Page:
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Caches SQL queries built with Django ORM

Project description

Django Prepared Queries

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django_pq allows to cache SQL generated with Django ORM and reuse cached queries with only substituting new parameters values.

Short example

Some developers think that Django ORM is slow. It is true if your code looks like this:

from django.db import models
from countries_field.fields import countries_isnull, countries_contains

def filter_queryset(self, domains=None, **kwargs):
    query = models.Q()
    if domains:
        query &= ((models.Q(allow_domains__name__in=domains) |
                   models.Q(allow_domains__isnull=True)) &
                  (~models.Q(deny_domains__name__in=domains) |
        query &= (models.Q(allow_domains__isnull=True) &
    user_agent = kwargs.pop('user_agent', None)
    if user_agent:
        query &= (models.Q(user_agents=user_agent) |
        query &= models.Q(user_agents__isnull=True)

    country = kwargs.pop('country')
    if country:
        query &= countries_isnull() | countries_contains([country])
        query &= countries_isnull()

    return self.get_queryset().filter(query)

Generated SQL query is quite long and in our case takes up to 50% of HTTP request handling. What if we could cache generated SQL and just substitute actual parameters values instead of repeating heavy queryset filtering?

Well, with django_pq you can do following.

from django.db import models
import django_pq

# Add caching decorator for heavy queryset constructing method
def filter_queryset_lazy(self, domains=None, **kwargs):
    query = models.Q()
    # branches in decorated function must check real value instead of Lazy 
    # wrapper, because actual value this time could be False.
    if django_pq.reveal(domains):
        # You pass Lazy wrappers in to any lookup parameters for queryset,
        # and these Lazy wrappers remain lazy until it's time to query the 
        # database.
        query &= ((models.Q(allow_domains__name__in=domains) |
                   models.Q(allow_domains__isnull=True)) &
                  (~models.Q(deny_domains__name__in=domains) |
        query &= (models.Q(allow_domains__isnull=True) &
    # ... 
    # modify other parts of queryset constuction with respect of lazy nature of
    # arguments.
    return self.get_queryset().filter(query)
def filter_queryset(self, **kwargs):
    # wrap parameters into context manager so Lazy wrappers could get actual
    # values when they need.
    with django_pq.LazyContext(**kwargs):
        queryset = self.filter_queryset_lazy(**kwargs)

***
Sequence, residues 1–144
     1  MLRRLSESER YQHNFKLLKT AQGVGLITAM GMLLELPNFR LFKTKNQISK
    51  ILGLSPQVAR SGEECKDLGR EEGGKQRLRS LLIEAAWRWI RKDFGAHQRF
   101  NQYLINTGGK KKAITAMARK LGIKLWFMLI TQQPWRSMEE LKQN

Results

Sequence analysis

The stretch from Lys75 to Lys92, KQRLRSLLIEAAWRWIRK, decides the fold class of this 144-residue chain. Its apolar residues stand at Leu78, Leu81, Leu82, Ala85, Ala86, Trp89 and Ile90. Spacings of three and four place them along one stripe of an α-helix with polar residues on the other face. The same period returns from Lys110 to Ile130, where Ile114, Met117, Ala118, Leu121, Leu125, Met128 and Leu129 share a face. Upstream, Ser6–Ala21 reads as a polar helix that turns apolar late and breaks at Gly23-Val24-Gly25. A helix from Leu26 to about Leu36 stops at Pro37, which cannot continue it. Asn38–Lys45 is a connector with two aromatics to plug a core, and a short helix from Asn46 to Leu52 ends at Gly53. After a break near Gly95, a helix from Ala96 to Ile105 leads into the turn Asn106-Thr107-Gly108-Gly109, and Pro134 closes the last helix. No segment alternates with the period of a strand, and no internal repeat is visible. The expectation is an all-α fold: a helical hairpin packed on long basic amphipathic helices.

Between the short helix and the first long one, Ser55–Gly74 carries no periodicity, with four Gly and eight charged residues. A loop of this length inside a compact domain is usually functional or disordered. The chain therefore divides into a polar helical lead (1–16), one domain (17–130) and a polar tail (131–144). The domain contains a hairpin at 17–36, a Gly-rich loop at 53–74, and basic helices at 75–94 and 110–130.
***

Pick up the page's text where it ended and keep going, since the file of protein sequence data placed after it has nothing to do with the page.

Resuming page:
# queryset is now RawQuerySet with Lazy wrappers in params.
        # database queries should be performed within LazyContext.
        return queryset.first()

That's it - your queryset generation code is cached.

Rules for preparing code for caching

  1. Don't check Lazy wrappers for anything - use reveal() to check actual parameter values. I.e. Lazy(None) is not None is always true (this it not what you meant really).
  2. Don't pass Model instances as parameters. This allows Model instance method calls and may lead to implicit branching that could not be detected from actual parameters list. Instead, pass primary key values.
  3. Don't query DB within cached method - branching could not be detected.
  4. Add all if expressions as new parameters to your method - it would be usefull for proper caching.
  5. Don't pass empty lists as parameter values. Django ORM checks it for emptiness and removes empty lookups from WhereNode (with respect of boolean algebra rules). Pass None instead.
  6. Don't use any volatile values like in queryset filtering; pass it as a parameter instead.
  7. Test your code with 100% branch coverage before adding caching.

Normalize parameters

To help you to normalize parameters passed into cached function LazyContext may call a list of callables and return normalized parameter values when entering context.

from django.db import models
from django_pq import LazyContext

def model_to_pk(kwargs):
    for k, v in list(kwargs.items()):
        if isinstance(v, models.Model):
            kwargs[k] =  # Model ->
    return kwargs 
def empty_list_to_none(kwargs):
    for k, v in list(kwargs.items()):
        if isinstance(v, list) and not v:
            kwargs[k] = None  # [] -> None
    return kwargs

def filter_queryset(self, **kwargs):    
    with LazyContext(model_to_pk, empty_list_to_none, **kwargs) as lazy_kwargs:
        queryset = self.filter_queryset_lazy(**lazy_kwargs)
        return queryset.first()

How it works

  1. First, substitute_lazy() decorator wraps all parameters with Lazy wrapper, and with wrapper remains "lazy" until SQL generation is completed.
  2. Your code is called twice, with lazy wrappers as arguments and with actual values, to ensure that lazy result is identical to native queryset.
  3. If SQL and normalized parameters match, a RawQuerySet instance is cached with Lazy wrappers as parameters.
  4. Cache key respects presence of any argument and certain constants like True, False, 0, 1, None.
  5. In "cache hit" situation new actual parameters values are substituted from LazyContext into RawQuerySet.params and that's result of caching.
  6. If you are doing it right, RawQuerySet will act almost like normal QuerySet, or (more correctly) as your Model instances iterator.

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